Many of you will remember a radio program that ran for many
years called “The Rest of the Story”. The program, hosted by Paul Harvey,
presented stories with important details revealed only at the end. With this edition of the Commissioner’s
Corner, it is my hope to give you a little bit of the “rest of the story” concerning
the District’s challenge to the excise tax that the City of Federal Way is
attempting to impose on the District and its ratepayers.
This past February, City of Federal Way Mayor Jim Ferrell asked District representative to meet with him at City Hall. During that meeting, the Mayor informed us
that he would be taking a proposal to the City Council for a 7.75% tax on the
revenues we received from providing water and sewer service within the City of
Federal Way. The reason for this, he
explained, was that the city needed extra revenue of about $900,000 a year to
balance the City budget.
Our reaction was that we should consider other options before the City made any final decision to pursue a tax (which we indicated the Board might determine to challenge). One
option mentioned was for the District to purchase the City’s one-half interest in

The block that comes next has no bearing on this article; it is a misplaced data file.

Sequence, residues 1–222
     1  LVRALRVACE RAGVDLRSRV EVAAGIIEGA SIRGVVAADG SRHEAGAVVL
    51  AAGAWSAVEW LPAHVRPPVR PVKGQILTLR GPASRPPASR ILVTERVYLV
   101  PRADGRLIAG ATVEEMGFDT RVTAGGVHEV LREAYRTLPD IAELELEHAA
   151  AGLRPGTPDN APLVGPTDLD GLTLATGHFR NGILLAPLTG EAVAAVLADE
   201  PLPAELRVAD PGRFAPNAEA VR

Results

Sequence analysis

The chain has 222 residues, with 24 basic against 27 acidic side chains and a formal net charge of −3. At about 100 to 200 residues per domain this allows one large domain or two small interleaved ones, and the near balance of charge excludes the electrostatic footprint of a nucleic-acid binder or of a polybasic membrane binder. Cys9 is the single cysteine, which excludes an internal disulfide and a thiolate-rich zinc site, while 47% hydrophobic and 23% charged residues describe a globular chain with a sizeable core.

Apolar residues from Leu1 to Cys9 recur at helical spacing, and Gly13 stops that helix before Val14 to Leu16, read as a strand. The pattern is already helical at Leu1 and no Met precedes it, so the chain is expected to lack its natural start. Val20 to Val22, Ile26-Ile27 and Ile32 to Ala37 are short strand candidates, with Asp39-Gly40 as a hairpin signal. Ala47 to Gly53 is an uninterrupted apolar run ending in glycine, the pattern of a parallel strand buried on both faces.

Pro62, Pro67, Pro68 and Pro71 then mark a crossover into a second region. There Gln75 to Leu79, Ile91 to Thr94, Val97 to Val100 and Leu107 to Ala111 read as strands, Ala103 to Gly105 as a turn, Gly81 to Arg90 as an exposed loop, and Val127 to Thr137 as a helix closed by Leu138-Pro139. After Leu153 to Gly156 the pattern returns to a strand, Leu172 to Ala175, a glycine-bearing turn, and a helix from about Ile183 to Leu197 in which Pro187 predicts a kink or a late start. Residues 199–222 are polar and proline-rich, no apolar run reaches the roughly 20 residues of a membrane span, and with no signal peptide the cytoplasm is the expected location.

the French Lake Dog Park. This seemed
like it would be a good opportunity for the City to bridge the short-term
budget problem while other solution to the City’s financial problems could be
explored. The circumstance arises
because the District has plans in the longer term to use our half of the Park
property for water supply purposes, including recharge of aquifers, and would
benefit from owning the entire parcel. Under current planning, the District would not need the Park for ten or
fifteen years at the earliest, allowing the property to continue being used as
a doge park in the interim.
We saw this as a win-win opportunity. We also indicated that we would be willing to
discuss other possible solutions to the City’s revenue problems that could make
sense for the District and the City. The
Mayor rejected the offer to consider selling the Park as part of a near-term
solution to the budget problem and informed us that the matter of discussing other
options was closed for further consideration.
Let me say that I appreciate the consideration the Mayor
showed by letting us know ahead of time what his plans were. I remain extremely frustrated, however, that
we were not able to discuss possible solution that may have avoided the City’s
move to attempt to impose the tax. I
believe that reasonable options exist that could have produced a mutually beneficial
solution that would have prevented this dispute.
The Board of Commissioner’s voted to challenge the legality of the tax, as well as a 6% tax the City of Edgewood seeks to impose on our revenues from water and sewer service within Edgewood. It will likely take a number of years for
this to be sorted out. That, as Paul Harvey
would say, is the rest of the story.